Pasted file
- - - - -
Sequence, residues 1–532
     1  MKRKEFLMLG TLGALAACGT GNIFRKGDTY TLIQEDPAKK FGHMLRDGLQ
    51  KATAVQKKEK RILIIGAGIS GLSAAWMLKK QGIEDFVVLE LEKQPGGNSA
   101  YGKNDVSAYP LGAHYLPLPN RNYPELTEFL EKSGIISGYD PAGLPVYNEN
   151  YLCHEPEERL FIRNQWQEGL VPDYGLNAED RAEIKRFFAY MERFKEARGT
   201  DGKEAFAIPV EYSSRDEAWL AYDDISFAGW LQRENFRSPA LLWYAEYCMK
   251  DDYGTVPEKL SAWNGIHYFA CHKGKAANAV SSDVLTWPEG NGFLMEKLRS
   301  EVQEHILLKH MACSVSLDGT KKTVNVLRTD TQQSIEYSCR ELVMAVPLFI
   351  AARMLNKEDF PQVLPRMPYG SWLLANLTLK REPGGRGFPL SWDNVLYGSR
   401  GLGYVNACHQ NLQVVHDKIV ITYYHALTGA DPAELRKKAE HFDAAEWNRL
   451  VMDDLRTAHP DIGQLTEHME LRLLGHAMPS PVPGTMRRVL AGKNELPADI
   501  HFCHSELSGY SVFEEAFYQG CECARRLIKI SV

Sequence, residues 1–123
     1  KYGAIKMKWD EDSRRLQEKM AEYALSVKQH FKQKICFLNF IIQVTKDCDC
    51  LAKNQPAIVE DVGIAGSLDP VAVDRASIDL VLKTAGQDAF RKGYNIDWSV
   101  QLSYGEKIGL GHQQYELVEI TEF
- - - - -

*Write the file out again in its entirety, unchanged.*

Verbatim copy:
Sequence, residues 1–532
     1  MKRKEFLMLG TLGALAACGT GNIFRKGDTY TLIQEDPAKK FGHMLRDGLQ
    51  KATAVQKKEK RILIIGAGIS GLSAAWMLKK QGIEDFVVLE LEKQPGGNSA
   101  YGKNDVSAYP LGAHYLPLPN RNYPELTEFL EKSGIISGYD PAGLPVYNEN
   151  YLCHEPEERL FIRNQWQEGL VPDYGLNAED RAEIKRFFAY MERFKEARGT
   201  DGKEAFAIPV EYSSRDEAWL AYDDISFAGW LQRENFRSPA LLWYAEYCMK
   251  DDYGTVPEKL SAWNGIHYFA CHKGKAANAV SSDVLTWPEG NGFLMEKLRS
   301  EVQEHILLKH MACSVSLDGT KKTVNVLRTD TQQSIEYSCR ELVMAVPLFI
   351  AARMLNKEDF PQVLPRMPYG SWLLANLTLK REPGGRGFPL SWDNVLYGSR
   401  GLGYVNACHQ NLQVVHDKIV ITYYHALTGA DPAELRKKAE HFDAAEWNRL
   451  VMDDLRTAHP DIGQLTEHME LRLLGHAMPS PVPGTMRRVL AGKNELPADI
   501  HFCHSELSGY SVFEEAFYQG CECARRLIKI SV

Sequence, residues 1–123
     1  KYGAIKMKWD EDSRRLQEKM AEYALSVKQH FKQKICFLNF IIQVTKDCDC
    51  LAKNQPAIVE DVGIAGSLDP VAVDRASIDL VLKTAGQDAF RKGYNIDWSV
   101  QLSYGEKIGL GHQQYELVEI TEF